[This post was originally written for my employer’s blog, Show-Me Daily.]
David Stokes and I just attended the weekly Board of Aldermen meeting for St. Louis city. It was actually quite enjoyable. For one thing, David’s extensive personal experience with local government made him a great resource and a wealth of information. He had a fast answer to every question I asked, and volunteered a great deal of information about the aldermen, as well as explaining some of the processes involved in moving a bill through the board’s approval process.
The board considered a number of bills today, and we heard the reading of a number of bills which would declare properties around town “blighted.” A couple of bills designated federal grant money for Lambert Airport, and a few dealt with approving financing for the Kiel Opera House.
At one point, when the proceedings had moved along rapidly for quite some time, Alderman Joe Vaccaro of the 23rd ward stood to move for approval of a rezoning bill he’d sponsored. For the first time in the meeting, roll was called for votes, and nearly every member in turn voted “no.” Every previous bill had passed without hesitation, and Stokes and I really wondered what was up. As soon as the votes were tallied, a revote was called and this time it passed unanimously. Suddenly, David understood and explained to me: This is a relatively new alderman, and they were playing a prank on him. We both found it pretty funny.
Much less funny was Resolution #50, calling on the Post-Dispatch to “reject the predatory practice of job outsourcing and keep St. Louis area jobs in St. Louis.” There was some discussion of the matter. Alderman Stephen Conway of the 8th ward in particular took the opportunity to admonish the hypocrisy of those who shout down outsourcing while driving foreign-made cars, and a third alderman who spoke on the matter agreed with these anti-outsourcing views.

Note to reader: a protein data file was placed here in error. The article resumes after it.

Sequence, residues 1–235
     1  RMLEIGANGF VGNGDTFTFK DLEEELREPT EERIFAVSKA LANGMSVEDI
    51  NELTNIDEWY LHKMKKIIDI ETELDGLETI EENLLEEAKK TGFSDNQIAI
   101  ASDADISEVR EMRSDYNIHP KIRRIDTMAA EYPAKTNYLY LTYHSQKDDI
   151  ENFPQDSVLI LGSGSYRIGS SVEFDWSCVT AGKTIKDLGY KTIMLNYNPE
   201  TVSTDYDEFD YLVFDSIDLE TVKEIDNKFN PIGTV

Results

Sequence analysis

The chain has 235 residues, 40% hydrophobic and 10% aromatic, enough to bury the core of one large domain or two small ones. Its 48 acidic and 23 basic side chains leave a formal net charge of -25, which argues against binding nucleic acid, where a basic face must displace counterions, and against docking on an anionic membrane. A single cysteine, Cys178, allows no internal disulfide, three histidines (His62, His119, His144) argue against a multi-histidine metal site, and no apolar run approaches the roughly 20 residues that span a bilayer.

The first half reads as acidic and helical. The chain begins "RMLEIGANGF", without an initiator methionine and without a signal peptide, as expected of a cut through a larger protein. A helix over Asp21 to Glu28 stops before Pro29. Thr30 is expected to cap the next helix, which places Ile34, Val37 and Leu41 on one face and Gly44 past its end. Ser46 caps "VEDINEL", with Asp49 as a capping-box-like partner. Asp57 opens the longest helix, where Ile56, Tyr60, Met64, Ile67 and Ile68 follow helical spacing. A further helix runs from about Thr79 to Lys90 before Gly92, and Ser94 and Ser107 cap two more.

During this discussion, the viewpoint I hold was completely unrepresented, although it is also largely the stance held by the economic profession as a whole. Outsourcing is only bad in the short term for the specific people laid off. But it also means that customers continue to get the things they were getting before (often for cheaper prices), and a mobile labor force allows both new and existing businesses to find potential employees more easily.
If you read only one critique of protectionism, let it be this.
There was also some heated discussion about a resolution “to convene hearings of the Public Safety Committee for the purpose of reviewing the conditions of the City jails in relation to the report of the ACLU-EM […]” At least one member of the Board of Aldermen has a personal distaste for the ACLU, and it showed — but ultimately the resolution passed.
Much of the time I spent there, I was struck with how civil and efficient the whole process appeared, and reminded of a blog post by Clovis Ouangraoua discussing how remarkable a peaceful government is. For any St. Louisan interested in seeing the process of local government in action, I honestly recommend visiting your Board of Aldermen for a meeting. The biggest praise I can give is that the whole affair was very efficient in terms of time, an attribute I chalk up largely to the guidance of Board President Lewis Reed, who wasted no time while officiating the proceedings.
One Response to The Heart of Government